The State of the Union speech is scheduled for 9:10 pm.
What we know (as of December 21, 2017):
Below are the highlights from three of the 12 categories and 81 wins cited by the White House.
Jobs and the economy
- Passage of the tax reform bill providing $5.5 billion in cuts and repealing the Obamacare mandate.
- Increase of the GDP above 3 percent.
- Creation of 1.7 million new jobs, cutting unemployment to 4.1 percent.
- Saw the Dow Jones reach record highs.
Killing job-stifling regulations
- Signed an Executive Order demanding that two regulations be killed for every new one creates. He beat that big and cut 16 rules and regulations for every one created, saving $8.1 billion.
- Signed 15 congressional regulatory cuts.
- Made good on his campaign promise to withdraw from the Trans-Pacific Partnership.
- Opened up the North American Free Trade Agreement for talks to better the deal for the U.S.
White House Press Secretary Sarah Sanders revealed a list of special guests for Tuesday’s speech during a press briefing Monday afternoon:
- Evelyn Rodriguez and Freddy Cuevas‘ 16-year-old daughter, Kayla, was beaten and stabbed to death by MS-13 gang members in 2016.
The parents from Brentwood, New York, will attend the SOTU Tuesday as White House guests.
- The beaten body of 15-year-old Nisa Mickens was found on a tree-lined street in Brentwood, New York, on Sept. 13, 2016 — a day before her 16th birthday.
The body of her friend, Kayla Cuevas, was found the next day. Like Cuevas, Mickens was also a victim of the MS-13 gang.
Mickens’ parents, Elizabeth Alvarado and Robert Mickens, will join the parents of Kayla Cuevas at the SOTU.
- Cpl. Matthew Bradford, the first blind double amputee to re-enlist in the U.S. Marine Corps, will also attend the SOTU as a guest of the president.
He lost his legs and eyesight after stepping on an IED while deployed in Iraq in January 2007.
- Cory Adams is a welder at Staub Manufacturing Solutions in Dayton, Ohio.
Last year, Adams and his wife bought their first home, and they plan to invest their extra money from the Trump tax cuts into their two daughters’ education savings.
- In 2016, John Bridgers started a group called the Cajun Navy, a nonproft rescue and recovery organization, to assist flood victims in Baton Rouge, Louisiana.
In the summer of 2017, Bridgers and the Cajun Navy traveled to Houston to help victims of Hurricane Harvey.
- David Dahlberg works as a fire prevention technician in southern California, stationed at the Pine Canyon Fire Station in the Santa Lucia Ranger District.
In July 2017, he saved 62 children and staff members from a raging wildfire that had encircled their camp.
- Albuquerque police officer Ryan Holets has been shot twice since he joined the force six years ago. But that hasn’t discouraged the cop from continuing his work.
In fact, he wouldn’t be the father to a special little girl if he wasn’t an officer.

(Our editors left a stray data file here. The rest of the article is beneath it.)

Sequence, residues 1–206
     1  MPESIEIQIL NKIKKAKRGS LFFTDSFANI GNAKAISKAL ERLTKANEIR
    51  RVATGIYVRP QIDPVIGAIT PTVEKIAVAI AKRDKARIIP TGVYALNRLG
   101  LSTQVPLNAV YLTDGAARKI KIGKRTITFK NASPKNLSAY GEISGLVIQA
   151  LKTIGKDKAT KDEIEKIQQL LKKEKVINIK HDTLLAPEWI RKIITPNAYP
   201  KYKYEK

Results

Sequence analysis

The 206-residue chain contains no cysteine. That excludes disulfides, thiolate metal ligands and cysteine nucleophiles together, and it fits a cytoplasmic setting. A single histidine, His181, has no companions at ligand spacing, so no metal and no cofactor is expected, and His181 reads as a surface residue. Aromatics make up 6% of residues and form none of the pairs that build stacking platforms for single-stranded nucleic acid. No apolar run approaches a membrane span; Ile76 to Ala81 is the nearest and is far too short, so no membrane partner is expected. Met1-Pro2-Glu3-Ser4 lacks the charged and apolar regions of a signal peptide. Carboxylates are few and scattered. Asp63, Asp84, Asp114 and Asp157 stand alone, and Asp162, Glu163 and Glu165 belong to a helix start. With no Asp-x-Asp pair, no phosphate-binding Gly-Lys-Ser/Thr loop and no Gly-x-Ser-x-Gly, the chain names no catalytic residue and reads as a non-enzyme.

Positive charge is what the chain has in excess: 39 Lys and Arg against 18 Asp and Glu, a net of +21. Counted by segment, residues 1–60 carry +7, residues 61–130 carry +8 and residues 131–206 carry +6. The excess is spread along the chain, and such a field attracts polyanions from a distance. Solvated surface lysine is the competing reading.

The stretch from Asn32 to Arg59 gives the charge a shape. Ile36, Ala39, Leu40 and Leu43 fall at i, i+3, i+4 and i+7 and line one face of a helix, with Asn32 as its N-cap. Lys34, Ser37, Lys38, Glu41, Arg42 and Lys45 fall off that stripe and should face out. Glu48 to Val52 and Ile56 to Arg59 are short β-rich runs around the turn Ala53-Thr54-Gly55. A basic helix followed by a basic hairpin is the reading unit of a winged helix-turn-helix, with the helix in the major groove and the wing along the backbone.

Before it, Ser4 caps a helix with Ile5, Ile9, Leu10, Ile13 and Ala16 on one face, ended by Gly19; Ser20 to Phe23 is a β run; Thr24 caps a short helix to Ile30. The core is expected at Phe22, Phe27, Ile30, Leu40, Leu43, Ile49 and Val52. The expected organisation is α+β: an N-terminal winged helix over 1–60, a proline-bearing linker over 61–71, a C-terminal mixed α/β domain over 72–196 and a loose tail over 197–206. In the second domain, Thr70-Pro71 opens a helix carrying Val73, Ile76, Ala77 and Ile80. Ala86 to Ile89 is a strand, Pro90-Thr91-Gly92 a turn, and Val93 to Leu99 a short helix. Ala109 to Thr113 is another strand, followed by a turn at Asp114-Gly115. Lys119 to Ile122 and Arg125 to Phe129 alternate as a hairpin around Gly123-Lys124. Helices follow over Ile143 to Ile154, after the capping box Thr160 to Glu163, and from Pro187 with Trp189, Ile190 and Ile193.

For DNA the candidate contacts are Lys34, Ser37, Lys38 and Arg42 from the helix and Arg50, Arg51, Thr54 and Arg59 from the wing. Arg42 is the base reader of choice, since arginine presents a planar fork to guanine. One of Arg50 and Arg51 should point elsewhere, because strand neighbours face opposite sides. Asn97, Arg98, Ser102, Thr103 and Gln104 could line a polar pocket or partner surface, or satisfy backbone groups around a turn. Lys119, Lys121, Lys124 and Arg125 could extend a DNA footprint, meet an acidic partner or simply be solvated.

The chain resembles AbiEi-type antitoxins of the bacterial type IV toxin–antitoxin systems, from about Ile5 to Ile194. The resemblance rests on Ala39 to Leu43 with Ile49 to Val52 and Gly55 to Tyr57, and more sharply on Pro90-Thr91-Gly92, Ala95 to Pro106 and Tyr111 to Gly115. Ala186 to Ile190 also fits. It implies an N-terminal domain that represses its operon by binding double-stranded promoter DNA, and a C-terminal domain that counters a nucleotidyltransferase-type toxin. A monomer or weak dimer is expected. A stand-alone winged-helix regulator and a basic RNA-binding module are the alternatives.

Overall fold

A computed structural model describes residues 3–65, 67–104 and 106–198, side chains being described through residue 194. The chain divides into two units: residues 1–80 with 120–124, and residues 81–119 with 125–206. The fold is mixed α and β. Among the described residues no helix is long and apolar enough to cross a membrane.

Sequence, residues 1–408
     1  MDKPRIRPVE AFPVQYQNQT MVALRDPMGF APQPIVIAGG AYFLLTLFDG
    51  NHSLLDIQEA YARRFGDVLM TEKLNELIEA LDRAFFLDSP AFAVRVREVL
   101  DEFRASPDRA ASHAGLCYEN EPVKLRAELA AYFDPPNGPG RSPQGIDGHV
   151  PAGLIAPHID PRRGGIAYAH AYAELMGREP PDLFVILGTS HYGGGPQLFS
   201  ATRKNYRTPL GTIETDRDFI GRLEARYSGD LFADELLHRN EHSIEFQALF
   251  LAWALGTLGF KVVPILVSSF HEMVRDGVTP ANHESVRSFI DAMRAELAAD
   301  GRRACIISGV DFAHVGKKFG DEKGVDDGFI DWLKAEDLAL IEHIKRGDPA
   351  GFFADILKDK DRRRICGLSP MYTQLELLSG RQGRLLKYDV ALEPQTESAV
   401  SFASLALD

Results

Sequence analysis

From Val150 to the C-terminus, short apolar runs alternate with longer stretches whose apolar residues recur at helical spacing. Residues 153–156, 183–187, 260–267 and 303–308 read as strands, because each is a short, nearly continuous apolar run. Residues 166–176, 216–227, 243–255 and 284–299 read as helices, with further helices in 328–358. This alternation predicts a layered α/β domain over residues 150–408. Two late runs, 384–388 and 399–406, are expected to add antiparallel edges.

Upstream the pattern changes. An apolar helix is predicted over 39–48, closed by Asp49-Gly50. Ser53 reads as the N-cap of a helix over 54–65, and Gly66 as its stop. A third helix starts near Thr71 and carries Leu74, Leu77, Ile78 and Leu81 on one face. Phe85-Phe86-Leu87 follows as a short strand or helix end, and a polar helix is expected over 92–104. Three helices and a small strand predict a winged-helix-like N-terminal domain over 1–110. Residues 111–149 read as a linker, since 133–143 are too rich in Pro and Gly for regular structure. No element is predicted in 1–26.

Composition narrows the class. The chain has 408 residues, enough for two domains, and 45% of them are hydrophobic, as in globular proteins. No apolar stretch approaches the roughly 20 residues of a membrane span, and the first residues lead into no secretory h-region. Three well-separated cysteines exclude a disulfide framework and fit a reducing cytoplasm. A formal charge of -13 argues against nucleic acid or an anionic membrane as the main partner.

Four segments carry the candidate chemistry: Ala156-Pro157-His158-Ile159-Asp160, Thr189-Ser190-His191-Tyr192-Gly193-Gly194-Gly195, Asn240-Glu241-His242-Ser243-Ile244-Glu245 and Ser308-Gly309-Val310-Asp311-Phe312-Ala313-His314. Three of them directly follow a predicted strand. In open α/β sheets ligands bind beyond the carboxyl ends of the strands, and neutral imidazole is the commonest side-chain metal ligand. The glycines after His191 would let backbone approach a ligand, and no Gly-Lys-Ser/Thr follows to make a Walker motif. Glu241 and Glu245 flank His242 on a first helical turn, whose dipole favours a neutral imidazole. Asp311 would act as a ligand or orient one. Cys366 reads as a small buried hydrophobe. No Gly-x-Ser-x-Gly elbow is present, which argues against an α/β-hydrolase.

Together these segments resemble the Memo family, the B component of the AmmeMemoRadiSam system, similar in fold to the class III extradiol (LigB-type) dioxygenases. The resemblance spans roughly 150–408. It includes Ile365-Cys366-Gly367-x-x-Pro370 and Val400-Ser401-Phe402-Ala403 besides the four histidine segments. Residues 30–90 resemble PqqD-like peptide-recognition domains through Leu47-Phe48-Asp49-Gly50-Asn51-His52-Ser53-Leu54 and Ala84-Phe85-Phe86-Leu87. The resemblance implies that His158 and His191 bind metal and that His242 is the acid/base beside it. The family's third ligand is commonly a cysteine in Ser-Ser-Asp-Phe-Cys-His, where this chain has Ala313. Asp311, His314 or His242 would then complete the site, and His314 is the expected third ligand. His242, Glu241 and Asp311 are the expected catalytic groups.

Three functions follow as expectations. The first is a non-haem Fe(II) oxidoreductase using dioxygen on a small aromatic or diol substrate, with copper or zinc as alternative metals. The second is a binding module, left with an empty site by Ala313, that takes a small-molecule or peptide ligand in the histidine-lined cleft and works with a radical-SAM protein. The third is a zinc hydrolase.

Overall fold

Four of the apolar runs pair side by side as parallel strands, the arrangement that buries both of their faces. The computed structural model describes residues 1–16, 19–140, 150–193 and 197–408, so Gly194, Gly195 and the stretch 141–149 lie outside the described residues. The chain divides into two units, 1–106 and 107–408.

In September 2017, Holets was responding to reports of a robbery when he discovered a pregnant homeless woman behind the building getting ready to inject heroin. Without giving it a second thought, Holets agreed to the woman’s plea for him to adopt her child.
The 35-year-old woman has since referred to Holets as her “guardian angel.”
- Ashlee Leppert serves as an aviation electronics technician in the U.S. Coast Guard.
“Last year, she rescued dozens of Americans imperiled during the devastating hurricane season,” Sanders said.
- CJ Martinez is a veteran and supervisory special agent for the U.S. Immigration and Customs Enforcement’s Homeland Security Investigations unit.
His investigations have led to more than 100 arrests of MS-13 gang members, Sanders said.
- Staff Sergeant Justin Peck has served in the U.S. Army for eight years. During a mission in Raqqa, Syria, in November 2017, Peck heard an IED blast go off. He ran to the second floor of a hospital to find Chief Petty Officer Stacy severly wounded.
He rushed to Stacy’s side, made a tourniquet to stop the bleeding and started CPR. His heroic actions saved Stacy’s life.
- Preston Sharp is responsible for starting the Flag and Flower Challenge (#FandFChallenge), a 50-state challenge to honor every veteran in the U.S.
The idea came to him when he visited his grandfather’s grave at the McDonald cemetery in Redding, California in 2015. He wanted to make sure every veteran would be honored with a flag or flower.
Today, the 11-year-old boy has helped facilitate the placement of more than 40,000 American flags and flowers on veterans’ graves, Sanders said.
- Steve Staub and Sandy Kepingler, who started Staub Manufacturing Solutions 20 years ago, say they’ve seen a “Trump bump” in their business, Sanders explained.
Thanks to Trump’s tax cuts, business has been booming — with their team growing from 23 to 37 employees within the past year.
Plus, thanks to tax cuts and reform legislation, they were also “able to give all their employees larger than expected Christmas bonuses,” Sanders added.